In the Andes, the indigenous peoples have been chewing the leaves of the coca plant for millennia. They traditionally carried a woven pouch called a chuspa or huallqui in which they kept a day's supply of coca leaves, along with a small amount of ilucta or uipta, which is made from pulverized unslaked lime or from the ashes of the quinoa plant. A tiny quantity of ilucta is chewed together with the coca leaves; it softens their astringent flavor and activates the alkaloids.
The practice of chewing coca was most likely originally a simple matter of survival. The coca leaf contained many essential nutrients in addition to its more well-known mood-altering alkaloid. It is rich in protein and vitamins, and it grows in regions where other food sources are scarce. The perceived boost in energy and strength provided by the cocaine in coca leaves was also very functional in an area where oxygen is scarce and extensive walking is essential. The coca plant was so central to the worldview of the Yunga and Aymara tribes of South America that distance was often measured in units called "cocada", which signified the number of mouthfuls of coca that one would chew while walking from one point to another. In fact, the word "coca" itself most likely originally simply meant "plant."
Coca was also a vital part of the religious cosmology of the Andean tribes in the pre-Inca period as well as throughout the Inca Empire (Tahuantinsuyu). Coca was historically employed as an offering to the Sun, or to produce smoke at the great sacrifices; and the priests, it was believed, must chew it during the performance of religious ceremonies, otherwise the gods would not be propitiated. Coca is still held in superstitious veneration among the Peruvians, and is believed by the miners of Cerro de Pasco to soften the veins of ore, if masticated (chewed) and thrown upon them. (See also Cocomama.)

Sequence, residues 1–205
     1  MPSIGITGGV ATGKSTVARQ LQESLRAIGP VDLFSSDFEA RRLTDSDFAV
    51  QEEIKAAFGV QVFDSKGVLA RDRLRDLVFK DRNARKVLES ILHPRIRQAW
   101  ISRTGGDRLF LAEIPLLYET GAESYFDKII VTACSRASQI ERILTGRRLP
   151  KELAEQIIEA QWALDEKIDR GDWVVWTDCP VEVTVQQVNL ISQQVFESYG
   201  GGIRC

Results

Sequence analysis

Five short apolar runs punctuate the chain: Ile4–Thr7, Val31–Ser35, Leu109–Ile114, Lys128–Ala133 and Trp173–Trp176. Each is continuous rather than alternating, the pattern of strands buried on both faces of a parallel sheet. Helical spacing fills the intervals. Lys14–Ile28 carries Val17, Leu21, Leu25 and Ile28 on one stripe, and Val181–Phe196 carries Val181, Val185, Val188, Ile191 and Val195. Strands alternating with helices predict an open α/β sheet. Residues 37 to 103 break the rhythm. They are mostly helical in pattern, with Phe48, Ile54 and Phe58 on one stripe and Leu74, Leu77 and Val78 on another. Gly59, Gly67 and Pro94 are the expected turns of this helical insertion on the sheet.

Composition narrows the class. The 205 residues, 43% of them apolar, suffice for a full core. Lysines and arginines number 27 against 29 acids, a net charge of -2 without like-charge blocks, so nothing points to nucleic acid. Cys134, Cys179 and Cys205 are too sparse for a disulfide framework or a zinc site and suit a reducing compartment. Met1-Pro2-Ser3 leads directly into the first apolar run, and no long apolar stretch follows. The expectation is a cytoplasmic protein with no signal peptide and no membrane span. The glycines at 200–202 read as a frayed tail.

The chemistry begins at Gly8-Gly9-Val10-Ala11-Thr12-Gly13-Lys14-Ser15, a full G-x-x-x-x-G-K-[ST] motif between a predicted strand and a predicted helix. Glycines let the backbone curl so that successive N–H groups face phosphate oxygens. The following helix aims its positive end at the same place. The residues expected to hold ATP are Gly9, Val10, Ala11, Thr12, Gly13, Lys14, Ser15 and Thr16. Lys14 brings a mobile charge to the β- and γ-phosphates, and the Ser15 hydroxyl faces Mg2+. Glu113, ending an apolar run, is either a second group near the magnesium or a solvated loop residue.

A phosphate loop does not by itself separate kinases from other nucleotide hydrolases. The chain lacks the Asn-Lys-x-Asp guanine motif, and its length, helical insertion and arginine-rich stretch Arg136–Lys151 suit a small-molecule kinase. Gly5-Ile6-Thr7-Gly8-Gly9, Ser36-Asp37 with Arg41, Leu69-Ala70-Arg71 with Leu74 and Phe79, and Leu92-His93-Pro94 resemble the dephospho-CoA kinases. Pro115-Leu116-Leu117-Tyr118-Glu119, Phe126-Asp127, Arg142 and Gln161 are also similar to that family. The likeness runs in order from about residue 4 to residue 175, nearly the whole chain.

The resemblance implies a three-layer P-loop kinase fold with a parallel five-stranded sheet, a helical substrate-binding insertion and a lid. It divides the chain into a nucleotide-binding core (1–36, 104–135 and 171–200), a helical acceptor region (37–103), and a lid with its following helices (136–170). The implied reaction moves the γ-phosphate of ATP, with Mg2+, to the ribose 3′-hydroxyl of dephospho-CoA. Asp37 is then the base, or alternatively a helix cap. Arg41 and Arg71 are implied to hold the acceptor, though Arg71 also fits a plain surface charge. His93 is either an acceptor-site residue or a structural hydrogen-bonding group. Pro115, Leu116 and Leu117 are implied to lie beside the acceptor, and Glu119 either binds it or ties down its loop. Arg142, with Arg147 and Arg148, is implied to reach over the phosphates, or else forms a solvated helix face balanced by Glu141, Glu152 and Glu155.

The activity of chewing coca is called chacchar or acullicar. Doing so usually causes users to feel a tingling and numbing sensation in their mouths, similar to receiving Novocain during a dental procedure. Even today, chewing coca leaves is a common sight in indigenous communities across the central Andean region, particularly in places like the mountains of Bolivia, where the cultivation and consumption of coca is as much a part of the national culture as wine is to France or beer is to Germany. Bags of coca leaves are sold in local markets. Commercially manufactured coca teas are also available in most stores and supermarkets.
Coca is used industrially in the cosmetics and food industries. The Coca Cola Company buys 115 tons of coca leaf from Peru and 105 tons from Bolivia per year, which it uses as an ingredient in its secret soft-drink formula. The cocaine itself does not end up in the drink nowadays, however. 
- The Coca Museum (A private museum in La Paz, Bolivia)
- Coca, Cocaine and the International Conventions Transnational Institute (TNI)
Based on an article from 1911 Encyclopędia Britannica